Bird Feather Identification Cards by Chickie & Roo

Nature Journal

Picture Books

**You can probably find most of these at your local library, but we try to add our favorites to the shelf, because ALWAYS more books!**

Even an Ostrich Needs a Nest

Mama Built a Little Nest

Robins, Songbirds of Spring

Have you Heard the Nesting Bird?

My Book of Birds

Blue Sky Bluebird

A Nest is Noisy

 

 

 

 

 

**I’m an affiliate of Amazon, which means every purchase from product links helps keep this website going. I only write about things I’m truly passionate about, and products I actually recommend and use for our family.**

 

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Spring Pond + Frog Life Cycle Study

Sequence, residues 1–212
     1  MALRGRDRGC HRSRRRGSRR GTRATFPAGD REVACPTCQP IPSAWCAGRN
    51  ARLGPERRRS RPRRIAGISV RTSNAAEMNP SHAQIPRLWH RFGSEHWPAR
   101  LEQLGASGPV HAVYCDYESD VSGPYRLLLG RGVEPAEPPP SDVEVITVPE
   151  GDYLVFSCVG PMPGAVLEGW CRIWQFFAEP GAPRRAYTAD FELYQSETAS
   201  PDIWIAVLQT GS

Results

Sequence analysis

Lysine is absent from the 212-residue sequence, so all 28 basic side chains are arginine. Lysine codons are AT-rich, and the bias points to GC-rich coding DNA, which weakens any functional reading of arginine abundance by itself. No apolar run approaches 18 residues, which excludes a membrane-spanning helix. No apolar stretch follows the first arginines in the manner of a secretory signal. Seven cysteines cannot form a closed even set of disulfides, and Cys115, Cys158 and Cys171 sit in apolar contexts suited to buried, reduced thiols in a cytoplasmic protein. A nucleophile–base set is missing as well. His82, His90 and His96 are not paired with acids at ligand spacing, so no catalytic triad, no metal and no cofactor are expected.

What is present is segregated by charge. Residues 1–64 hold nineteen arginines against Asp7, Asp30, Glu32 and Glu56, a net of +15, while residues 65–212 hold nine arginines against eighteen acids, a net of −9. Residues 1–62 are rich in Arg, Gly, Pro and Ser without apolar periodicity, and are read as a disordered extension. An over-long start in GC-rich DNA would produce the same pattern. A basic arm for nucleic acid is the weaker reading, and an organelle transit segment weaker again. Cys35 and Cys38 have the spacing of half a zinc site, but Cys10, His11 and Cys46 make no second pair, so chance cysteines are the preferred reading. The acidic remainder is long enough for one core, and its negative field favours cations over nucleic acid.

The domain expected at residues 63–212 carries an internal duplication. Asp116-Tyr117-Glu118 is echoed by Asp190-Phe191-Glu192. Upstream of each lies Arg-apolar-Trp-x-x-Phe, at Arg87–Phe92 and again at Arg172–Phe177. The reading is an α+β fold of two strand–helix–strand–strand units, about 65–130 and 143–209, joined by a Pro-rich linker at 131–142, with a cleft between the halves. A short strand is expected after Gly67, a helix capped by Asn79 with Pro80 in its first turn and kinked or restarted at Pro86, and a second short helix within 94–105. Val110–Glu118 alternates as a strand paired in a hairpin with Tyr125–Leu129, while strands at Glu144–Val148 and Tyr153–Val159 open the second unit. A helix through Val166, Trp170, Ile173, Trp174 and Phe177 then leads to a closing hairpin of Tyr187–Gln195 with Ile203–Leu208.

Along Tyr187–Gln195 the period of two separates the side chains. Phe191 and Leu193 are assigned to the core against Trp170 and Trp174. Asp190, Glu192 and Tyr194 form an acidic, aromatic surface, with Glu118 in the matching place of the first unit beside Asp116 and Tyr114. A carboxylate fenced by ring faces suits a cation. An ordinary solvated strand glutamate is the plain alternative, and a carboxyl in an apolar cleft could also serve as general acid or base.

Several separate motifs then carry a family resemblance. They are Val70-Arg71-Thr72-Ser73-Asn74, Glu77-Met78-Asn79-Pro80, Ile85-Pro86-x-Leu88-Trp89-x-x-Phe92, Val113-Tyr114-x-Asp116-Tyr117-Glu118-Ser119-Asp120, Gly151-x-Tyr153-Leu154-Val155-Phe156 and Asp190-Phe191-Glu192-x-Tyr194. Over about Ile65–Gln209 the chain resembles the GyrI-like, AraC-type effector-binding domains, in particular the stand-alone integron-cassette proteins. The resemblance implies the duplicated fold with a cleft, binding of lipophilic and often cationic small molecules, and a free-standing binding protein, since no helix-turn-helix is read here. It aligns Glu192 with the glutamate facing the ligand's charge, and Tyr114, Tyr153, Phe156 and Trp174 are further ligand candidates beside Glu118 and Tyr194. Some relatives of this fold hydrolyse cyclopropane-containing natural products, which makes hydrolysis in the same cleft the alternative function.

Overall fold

Last week we learned about the spring pond with our Exploring Nature with Children curriculum. The boys learned about the ecosystem of the pond and the lifecycle of a frog through play-based learning, lots of good books and outdoor exploration.

Here’s what we did:

Spring Pond Loose Parts Play

For this activity, I set out some kinetic sand along with mini pond animals, marbles, small stones and some leaves I pulled off a silk plant (because they need lilypads, of course!).

The boys played with this setup for days.

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Life Cycle of a Frog

The boys colored this free printable while I read aloud from one of our favorite nature study books: Nature Anatomy. There are a couple of pages dedicated to frogs and toads.

If your kids are a bit older, you could also have them make a Venn diagram that illustrates the differences between frogs and toads. And if you have access to frog eggs or tadpoles, nothing beats seeing the life cycle play out in real life!

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Pond Nature Walk